Davis Center Opening

Williams College’s reimagined Davis Center celebrated its opening on Saturday, April 13, 2024, after a substantial renovation and expansion. The new complex is a dedicated space that symbolizes the college’s commitment to and progress toward a fully inclusive community. As a hub of programs and spaces supporting historically underrepresented communities within the larger Williams family, the center advances broad campus engagement with complex issues of identity, history and cultures as they affect intellectual, creative and social life. 

The $31.5 million project includes renovations to Jenness House and Rice House, plus a new building with a bridge connecting it to Rice. The entire complex, which is 8,000 square feet larger than before (for a total of 25,769 square feet), is designed with an eye toward creating inclusive, accessible and sustainable spaces that take into account the communities’ and region’s histories. 

“It was incredible to be a part of this historic project and engage a range of stakeholders as it moved from inception to reality,” says Leticia Smith-Evans Haynes ’99, vice president for institutional diversity, equity and inclusion. “The Davis Center space is ripe with history, expressed and symbolized in the structure itself and a place where all can come together, learn about identities and cultures, and dialogue across differences. The steadfast commitment to executing this project stands to further empower and encourage the members of our diverse community as they live, learn, and work.”

Developed with extensive input from the nearly two dozen student groups that call the Davis Center home, the complex retains the residential scale of Jenness and Rice while providing a variety of dynamic spaces to house academic, cultural and social programs, workshops, training, meetings and more. Jenness will house staff offices, and Rice and the new building will house the campus’ myriad multicultural student groups. 

Among the new spaces is a large multipurpose room with moveable partitions to accommodate different types of gatherings. A well-equipped double kitchen allows students to prepare and host meals. There is ample room to study, gather and relax, including a porch off Jenness and a living room in Rice—both updated from the buildings’ previous incarnations—as well as a laptop bar in the bridge between Rice and the new building. An area for spiritual practice includes furniture, prayer blankets and a room for performing ablutions. The largest lecture space can hold about 200 people (compared with a maximum occupancy of about 40 in each building prior to the renovation).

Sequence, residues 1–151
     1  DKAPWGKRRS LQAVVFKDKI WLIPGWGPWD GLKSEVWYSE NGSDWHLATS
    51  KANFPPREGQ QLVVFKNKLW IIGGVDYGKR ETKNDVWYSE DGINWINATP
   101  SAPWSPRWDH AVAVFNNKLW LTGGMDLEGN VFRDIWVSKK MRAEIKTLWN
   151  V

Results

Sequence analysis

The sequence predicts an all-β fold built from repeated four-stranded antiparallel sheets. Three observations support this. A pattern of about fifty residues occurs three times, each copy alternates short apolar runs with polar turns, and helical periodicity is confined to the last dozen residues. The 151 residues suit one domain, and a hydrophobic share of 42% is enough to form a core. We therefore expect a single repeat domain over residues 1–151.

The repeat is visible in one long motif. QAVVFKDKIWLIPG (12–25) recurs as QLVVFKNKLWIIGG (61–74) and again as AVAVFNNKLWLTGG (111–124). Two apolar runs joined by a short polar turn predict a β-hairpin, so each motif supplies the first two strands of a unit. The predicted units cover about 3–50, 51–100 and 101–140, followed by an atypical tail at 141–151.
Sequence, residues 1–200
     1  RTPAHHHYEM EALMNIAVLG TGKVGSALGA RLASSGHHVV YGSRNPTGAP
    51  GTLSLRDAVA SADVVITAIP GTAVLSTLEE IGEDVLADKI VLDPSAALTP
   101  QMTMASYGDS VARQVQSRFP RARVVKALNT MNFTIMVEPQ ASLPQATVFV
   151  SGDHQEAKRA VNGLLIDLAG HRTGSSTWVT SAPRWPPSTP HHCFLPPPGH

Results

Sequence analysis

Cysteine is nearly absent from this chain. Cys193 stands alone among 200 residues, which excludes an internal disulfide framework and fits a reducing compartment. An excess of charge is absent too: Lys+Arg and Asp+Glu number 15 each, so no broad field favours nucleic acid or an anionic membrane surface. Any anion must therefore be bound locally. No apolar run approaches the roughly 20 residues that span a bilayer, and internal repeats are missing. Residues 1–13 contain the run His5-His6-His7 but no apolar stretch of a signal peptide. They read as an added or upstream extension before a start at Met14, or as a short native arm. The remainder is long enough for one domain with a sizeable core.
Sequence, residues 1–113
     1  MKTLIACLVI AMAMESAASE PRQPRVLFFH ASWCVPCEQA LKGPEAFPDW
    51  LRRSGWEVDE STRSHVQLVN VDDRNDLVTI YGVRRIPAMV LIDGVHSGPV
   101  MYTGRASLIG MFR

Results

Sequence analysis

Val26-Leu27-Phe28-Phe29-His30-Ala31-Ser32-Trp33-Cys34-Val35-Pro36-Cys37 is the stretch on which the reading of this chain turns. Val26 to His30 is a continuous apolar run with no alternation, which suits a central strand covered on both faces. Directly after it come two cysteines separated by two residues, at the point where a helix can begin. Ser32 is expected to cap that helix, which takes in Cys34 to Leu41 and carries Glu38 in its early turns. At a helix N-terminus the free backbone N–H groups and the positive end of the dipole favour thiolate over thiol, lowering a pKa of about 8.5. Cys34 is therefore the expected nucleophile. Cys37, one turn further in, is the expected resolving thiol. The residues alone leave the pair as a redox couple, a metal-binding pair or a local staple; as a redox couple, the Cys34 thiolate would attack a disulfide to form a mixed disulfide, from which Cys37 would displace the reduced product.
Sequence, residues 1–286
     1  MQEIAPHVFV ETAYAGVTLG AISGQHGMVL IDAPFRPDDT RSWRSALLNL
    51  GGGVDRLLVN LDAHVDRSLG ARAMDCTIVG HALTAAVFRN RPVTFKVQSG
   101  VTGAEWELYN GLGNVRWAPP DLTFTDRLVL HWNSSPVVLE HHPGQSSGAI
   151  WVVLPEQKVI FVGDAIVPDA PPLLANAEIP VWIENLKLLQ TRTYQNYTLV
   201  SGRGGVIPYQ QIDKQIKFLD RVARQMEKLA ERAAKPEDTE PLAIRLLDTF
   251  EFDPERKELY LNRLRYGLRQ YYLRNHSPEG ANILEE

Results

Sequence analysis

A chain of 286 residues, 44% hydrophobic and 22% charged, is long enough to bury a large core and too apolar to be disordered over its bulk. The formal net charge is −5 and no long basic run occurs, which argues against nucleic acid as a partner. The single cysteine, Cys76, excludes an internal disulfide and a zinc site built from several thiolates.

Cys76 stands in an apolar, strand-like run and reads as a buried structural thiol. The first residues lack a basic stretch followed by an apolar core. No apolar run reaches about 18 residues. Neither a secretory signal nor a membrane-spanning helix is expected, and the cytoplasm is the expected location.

All three buildings are equipped with elevators, and paths leading to and through the complex are designed for accessibility. With entrances from both Morley Circle and Spring Street, the complex sits at a busy campus crossroads and is more welcoming, visible and inclusive than ever.

The Davis Center is the fourth building project on campus to pursue International Living Future Institute (ILFI) certification, the most advanced green building standard in the world. In addition to accessibility, considerations include using nontoxic, ecologically restorative materials, maximizing energy efficiency and indoor air quality, and a diversity of landscape plantings.

Another aspect of ILFI involves connecting the buildings to place, climate and culture. To that end, the buildings feature a charred, natural wood exterior in the Japanese tradition of “shou-sugi-ban,” as well as white oak finishes, an intentional connection to Williamstown’s White Oaks neighborhood that was once a haven for Black residents. Colorful materials and finishes—some of them repurposed from the original buildings—artworks and educational signage will forefront the histories of Williams’ underrepresented communities and situate the Davis Center in time, space and place for generations to come.

The Davis Center traces its roots to the spring of 1988, when the student-led Coalition Against Racist Education (CARE) took over Jenness House, the temporary home of the Dean of the College. Among students’ demands was a multicultural center, which opened a year later in the building students had occupied. In time the center expanded into Rice and Hardy houses, and, in 2012, the complex was renamed the Davis Center in honor of W. Allison Davis ’24 and John A. Davis ’33.

Alumni gifts helped fund a significant portion of the project cost. In particular, leaders of the Williams Asian American Alumni Network, Williams Black Alumni Network, Williams Firsts Alumni Network, Williams Latinx Alumni Network, BiGLATA and Agents of Change (class fundraisers focused on supporting the Davis Center) helped raise $14 million from 2,020 Alumni Fund donors. 

“Research tells us that students learn most effectively when they feel at home,” says Williams President Maud S. Mandel. “Over more than 50 years, many Williams people have made the Davis Center their campus home. The new facility blends the architectural features of that much-loved facility with state-of-the-art co-curricular and informal gathering spaces. I am grateful to all the staff, faculty, students, alumni and community partners whose commitment to ensuring a fully inclusive campus has brought us to this point.”

The Davis Center was designed by Leers Weinzapfel Associates, in collaboration with J. Garland Enterprises.

Published April 11, 2024